Scott Gabriel Knowles
Professor in the Graduate School of Science and Technology Policy at KAIST, and an expert on disasters
is a historian of epidemic disease and public health, an Associate Professor at the College of Charleston, and a Fellow of the Royal Historical Society. He is the author of the 2020 book The Filth Disease: Typhoid Fever and the Practices of Epidemiology in Victorian England (University of Rochester Press), and the Associate Editor of the Journal of the History of Medicine and Allied Sciences.
is completing a Master of Design at the University of California, Berkeley. She is interested in accessibility, sustainability, and fostering equity within design and engineering. She manages the transcription of COVIDCalls, and assists with the roll-out of the COVIDCalls archive and website.
is an undergraduate student at Drexel University studying Finance and Economics. Her COVID-Calls journey began in July 2020 assisting Dr. Knowles as STAR Scholar, and has since been helping with guest outreach and invitations.
is a master’s student at the Graduate School of Science and Technology Policy, in Korea Advanced Institute of Science and Technology. She is interested in the materiality of plastic waste, and different practices to regulate or promote the use of plastic from the perspective of slow disaster. She wants to expand her area of research into revealing unequal relationships around waste, and its impacts on different beings, humans and non-humans.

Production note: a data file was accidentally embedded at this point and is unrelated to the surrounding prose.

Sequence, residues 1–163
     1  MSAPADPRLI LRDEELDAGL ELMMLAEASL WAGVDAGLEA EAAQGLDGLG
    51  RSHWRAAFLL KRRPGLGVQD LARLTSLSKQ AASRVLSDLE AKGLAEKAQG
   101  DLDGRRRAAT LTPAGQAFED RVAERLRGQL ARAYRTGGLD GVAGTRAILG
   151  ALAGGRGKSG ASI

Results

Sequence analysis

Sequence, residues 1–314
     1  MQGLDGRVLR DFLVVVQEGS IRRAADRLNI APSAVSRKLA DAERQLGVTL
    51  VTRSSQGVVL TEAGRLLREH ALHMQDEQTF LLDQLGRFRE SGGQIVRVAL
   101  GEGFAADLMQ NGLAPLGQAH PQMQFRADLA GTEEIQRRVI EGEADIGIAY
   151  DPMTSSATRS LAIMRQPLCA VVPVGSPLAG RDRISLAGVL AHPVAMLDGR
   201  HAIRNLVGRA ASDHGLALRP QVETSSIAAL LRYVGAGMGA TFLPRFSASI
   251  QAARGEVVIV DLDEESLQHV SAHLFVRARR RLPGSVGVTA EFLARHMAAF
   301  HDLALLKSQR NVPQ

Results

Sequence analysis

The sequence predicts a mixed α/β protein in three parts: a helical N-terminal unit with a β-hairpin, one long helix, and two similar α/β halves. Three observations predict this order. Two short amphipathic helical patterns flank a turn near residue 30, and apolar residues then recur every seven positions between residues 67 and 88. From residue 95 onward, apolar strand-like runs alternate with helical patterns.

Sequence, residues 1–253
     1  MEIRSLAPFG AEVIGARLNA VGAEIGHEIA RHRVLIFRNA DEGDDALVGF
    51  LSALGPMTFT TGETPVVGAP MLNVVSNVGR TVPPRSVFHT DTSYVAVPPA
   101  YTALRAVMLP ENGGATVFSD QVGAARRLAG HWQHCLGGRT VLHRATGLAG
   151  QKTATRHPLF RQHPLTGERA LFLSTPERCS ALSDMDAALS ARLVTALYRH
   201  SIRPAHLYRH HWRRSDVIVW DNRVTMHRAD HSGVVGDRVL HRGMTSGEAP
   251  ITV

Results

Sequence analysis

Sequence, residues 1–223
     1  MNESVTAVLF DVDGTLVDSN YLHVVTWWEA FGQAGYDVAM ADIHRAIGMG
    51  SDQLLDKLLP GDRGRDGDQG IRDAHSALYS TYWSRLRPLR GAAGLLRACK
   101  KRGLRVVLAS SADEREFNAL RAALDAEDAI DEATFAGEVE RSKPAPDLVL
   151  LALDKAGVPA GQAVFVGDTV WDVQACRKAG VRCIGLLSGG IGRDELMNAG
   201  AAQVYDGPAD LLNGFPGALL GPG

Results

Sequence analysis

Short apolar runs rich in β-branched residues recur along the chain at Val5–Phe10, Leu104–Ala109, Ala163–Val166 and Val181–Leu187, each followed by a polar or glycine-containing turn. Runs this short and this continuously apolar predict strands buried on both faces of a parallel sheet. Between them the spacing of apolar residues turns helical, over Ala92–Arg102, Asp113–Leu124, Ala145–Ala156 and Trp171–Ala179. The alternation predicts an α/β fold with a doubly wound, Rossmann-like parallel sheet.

N. Bucky Stanton
is a PhD Candidate in the Department of Science & Technology Studies at Rensselaer Polytechnic Institute. His dissertation investigates natural and cultural resource extraction in the central Peloponnese of Greece, exploring the history and politics of archaeology, energy and modernity in contemporary Greece and beyond. He is also social media manager and Early Career Representative for the Society for the History of Technology and produces the daily podcast COVIDCalls. Contact him about COVIDCalls episode ideas and other topics at firstname.lastname@example.org or email@example.com. To find his C.V. and links to written work, check out his website http://denizens.blog/ (under construction).
Nicole Lee Schroeder
Ph.D., is a historian of disability, medicine, and early American welfare systems. She joined the transcription team at COVIDCalls for the 2021 summer and had the privilege of listening in depth to numerous scholars, activists, and students as they conveyed their experiences and expertise regarding the COVID-19 pandemic.
is an urban planner, writer, and researcher in Brooklyn, New York. His writing has appeared in Hyperallergic, the London School of Economics Book Review, the Gotham Center blog, and Hunter College’s Urban Review, where he served on the editorial board. He currently works as the technical producer for Common Field.
(she/her) studies Anthropology; Women’s, Gender, Sexuality Studies; and Public Health at Tufts University. She is broadly interested in how power operates with specific attention to imperializing narratives of disease and contagion.
is a writer and research assistant living in New York